Wadih founded PairSoft and PaperSave, and he currently advises non-profits on business process improvement and technology.View all posts by Wadih Pazos
Wadih Pazos • January 6, 2014
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Company owners do this because of the numerous benefits associated with the technology, which outweigh any potential detracting element. For instance, virtually all digital businesses are sure to save money because they won’t have to buy storage units (whether that includes cabinets or off-site pods), reams of paper, ink, printers, envelopes, and other accessories. Leaders can also facilitate collaboration on various documents – people can take a look at the same forms simultaneously, rather than waiting until a co-worker is done with it.
The list goes on. This has led several experts to envision a paperless society in the United States. And why not? This technology isn’t just beneficial for companies; individuals could become much more organized in their daily lives if their crucial information was on computers. This could also help assure them that they wouldn’t misplace important files. Also, it could protect sensitive data in the event of a natural disaster, one that would otherwise leave paper vulnerable.
However, some critics think that the possibility of the majority of Americans going digital in their personal and professional lives is unlikely. What are the potentialities, and when, if at all, could this technology become extremely widespread?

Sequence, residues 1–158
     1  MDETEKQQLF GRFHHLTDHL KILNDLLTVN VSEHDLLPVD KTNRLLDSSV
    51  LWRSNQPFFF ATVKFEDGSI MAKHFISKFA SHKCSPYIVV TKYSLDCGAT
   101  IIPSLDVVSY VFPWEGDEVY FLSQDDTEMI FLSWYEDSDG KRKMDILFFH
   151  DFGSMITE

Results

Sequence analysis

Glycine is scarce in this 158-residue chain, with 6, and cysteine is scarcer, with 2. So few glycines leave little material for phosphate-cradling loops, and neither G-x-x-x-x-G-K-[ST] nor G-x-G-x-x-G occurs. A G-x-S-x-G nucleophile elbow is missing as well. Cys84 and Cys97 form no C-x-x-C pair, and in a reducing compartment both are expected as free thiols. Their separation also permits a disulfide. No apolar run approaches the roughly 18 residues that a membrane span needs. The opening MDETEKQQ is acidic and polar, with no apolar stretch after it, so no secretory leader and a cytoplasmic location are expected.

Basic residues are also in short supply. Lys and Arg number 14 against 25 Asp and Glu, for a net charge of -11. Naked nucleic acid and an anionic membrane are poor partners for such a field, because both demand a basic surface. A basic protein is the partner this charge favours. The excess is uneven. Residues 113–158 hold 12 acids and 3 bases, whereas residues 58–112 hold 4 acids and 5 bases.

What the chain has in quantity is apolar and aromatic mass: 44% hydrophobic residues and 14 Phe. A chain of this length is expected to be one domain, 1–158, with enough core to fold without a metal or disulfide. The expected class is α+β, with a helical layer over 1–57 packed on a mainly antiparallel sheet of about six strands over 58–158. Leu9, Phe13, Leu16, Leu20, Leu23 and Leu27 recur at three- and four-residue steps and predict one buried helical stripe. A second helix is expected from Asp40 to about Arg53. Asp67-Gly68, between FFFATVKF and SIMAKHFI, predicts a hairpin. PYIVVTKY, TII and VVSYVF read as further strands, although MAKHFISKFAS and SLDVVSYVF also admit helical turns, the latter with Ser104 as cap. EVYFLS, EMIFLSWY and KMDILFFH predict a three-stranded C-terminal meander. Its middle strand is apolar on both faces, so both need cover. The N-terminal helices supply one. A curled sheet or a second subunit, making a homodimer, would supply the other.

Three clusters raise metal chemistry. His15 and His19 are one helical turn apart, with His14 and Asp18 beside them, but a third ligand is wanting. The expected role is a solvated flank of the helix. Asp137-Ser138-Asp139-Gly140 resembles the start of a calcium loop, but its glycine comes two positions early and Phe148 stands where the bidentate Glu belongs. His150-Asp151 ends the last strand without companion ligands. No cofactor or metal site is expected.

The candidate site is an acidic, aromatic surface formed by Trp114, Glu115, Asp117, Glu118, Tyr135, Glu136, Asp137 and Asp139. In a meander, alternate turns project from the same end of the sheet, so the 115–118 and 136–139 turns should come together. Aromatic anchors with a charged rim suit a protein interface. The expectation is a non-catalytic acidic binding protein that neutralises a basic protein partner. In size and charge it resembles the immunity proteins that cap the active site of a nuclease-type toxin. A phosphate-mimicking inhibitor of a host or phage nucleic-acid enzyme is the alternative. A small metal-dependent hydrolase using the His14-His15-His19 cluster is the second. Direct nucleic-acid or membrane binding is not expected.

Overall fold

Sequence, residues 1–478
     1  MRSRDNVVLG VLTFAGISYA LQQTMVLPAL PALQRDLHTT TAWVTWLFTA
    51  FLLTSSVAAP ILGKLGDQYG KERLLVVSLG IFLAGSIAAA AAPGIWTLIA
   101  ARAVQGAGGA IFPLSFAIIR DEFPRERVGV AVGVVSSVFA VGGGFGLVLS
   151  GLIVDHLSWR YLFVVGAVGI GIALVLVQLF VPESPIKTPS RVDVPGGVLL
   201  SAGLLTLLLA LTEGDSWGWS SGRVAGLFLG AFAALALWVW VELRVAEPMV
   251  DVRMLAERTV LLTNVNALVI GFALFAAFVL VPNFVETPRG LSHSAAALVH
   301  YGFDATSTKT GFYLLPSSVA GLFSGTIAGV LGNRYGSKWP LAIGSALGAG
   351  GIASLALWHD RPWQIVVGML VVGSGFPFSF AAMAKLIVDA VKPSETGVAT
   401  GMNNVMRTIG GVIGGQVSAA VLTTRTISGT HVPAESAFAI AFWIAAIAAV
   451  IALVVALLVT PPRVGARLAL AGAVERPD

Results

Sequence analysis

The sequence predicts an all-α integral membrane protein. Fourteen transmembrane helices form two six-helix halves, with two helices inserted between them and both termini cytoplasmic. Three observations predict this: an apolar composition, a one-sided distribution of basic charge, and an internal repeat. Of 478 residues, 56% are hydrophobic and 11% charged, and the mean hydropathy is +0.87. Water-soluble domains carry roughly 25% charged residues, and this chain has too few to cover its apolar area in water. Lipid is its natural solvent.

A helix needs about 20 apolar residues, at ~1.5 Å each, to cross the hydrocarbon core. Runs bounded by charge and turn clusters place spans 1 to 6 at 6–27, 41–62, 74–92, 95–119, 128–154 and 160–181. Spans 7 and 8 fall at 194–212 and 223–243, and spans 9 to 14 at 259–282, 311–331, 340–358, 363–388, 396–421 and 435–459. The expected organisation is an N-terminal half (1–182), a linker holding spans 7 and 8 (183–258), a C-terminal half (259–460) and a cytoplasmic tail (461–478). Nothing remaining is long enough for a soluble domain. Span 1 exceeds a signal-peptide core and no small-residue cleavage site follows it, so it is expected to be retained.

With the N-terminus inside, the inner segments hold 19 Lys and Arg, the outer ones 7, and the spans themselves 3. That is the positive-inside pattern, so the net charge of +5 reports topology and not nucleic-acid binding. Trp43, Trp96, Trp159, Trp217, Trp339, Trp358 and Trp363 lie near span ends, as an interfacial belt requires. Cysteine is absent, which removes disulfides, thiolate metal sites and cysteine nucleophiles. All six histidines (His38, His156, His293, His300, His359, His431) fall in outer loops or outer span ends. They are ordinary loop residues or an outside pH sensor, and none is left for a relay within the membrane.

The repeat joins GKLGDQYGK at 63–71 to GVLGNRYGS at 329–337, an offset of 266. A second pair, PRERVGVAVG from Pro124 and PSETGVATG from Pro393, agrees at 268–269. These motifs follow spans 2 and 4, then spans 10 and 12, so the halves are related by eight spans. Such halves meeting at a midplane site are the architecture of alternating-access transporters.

As the Los Angeles Times pointed out, people have been suggesting the idea of a paperless society for almost 50 years at this point, so there’s a good chance that complete adoption of such technology will continue to take a while. The source did explain that significant strides have been made, particularly recently within the corporate realm, which can be verified by decreasing paper sales. Even so, total compliance might still be a ways away.
The newspaper reported that paper has proven its staying power over thousands of years and has so many different uses that an entirely digital community seems improbable. It’s exceedingly hard to predict a digital deadline, largely because this technology has been available for some time yet has not been adopted in a widespread manner in various aspects of life.
That being said, embracing these tools can only be beneficial for individuals.
It might be some time before we live in a paperless society, but that doesn’t mean businesses should be dissuaded from embracing things such as electronic document imaging to make digitizing a reality in the office. In fact, this might be more important than trying to mobilize individuals to eschew paper in all aspects of their lives.
Nevertheless, business leaders and workers alike could switch in the workplace, then implement the same changes at home. Think how easy it would be to work remotely if your home office was also paperless. Otherwise, if you’d forgotten a few important documents on your work desk, you might be lost and unable to finish important tasks. All of this information would be available online were the office to be digital, and you could rest assured you would be able to view them at home, knowing all of the programs and technologies required.
This type of action can spark a trend, which can then be picked up by various others and eventually influence the embrace of a paperless society.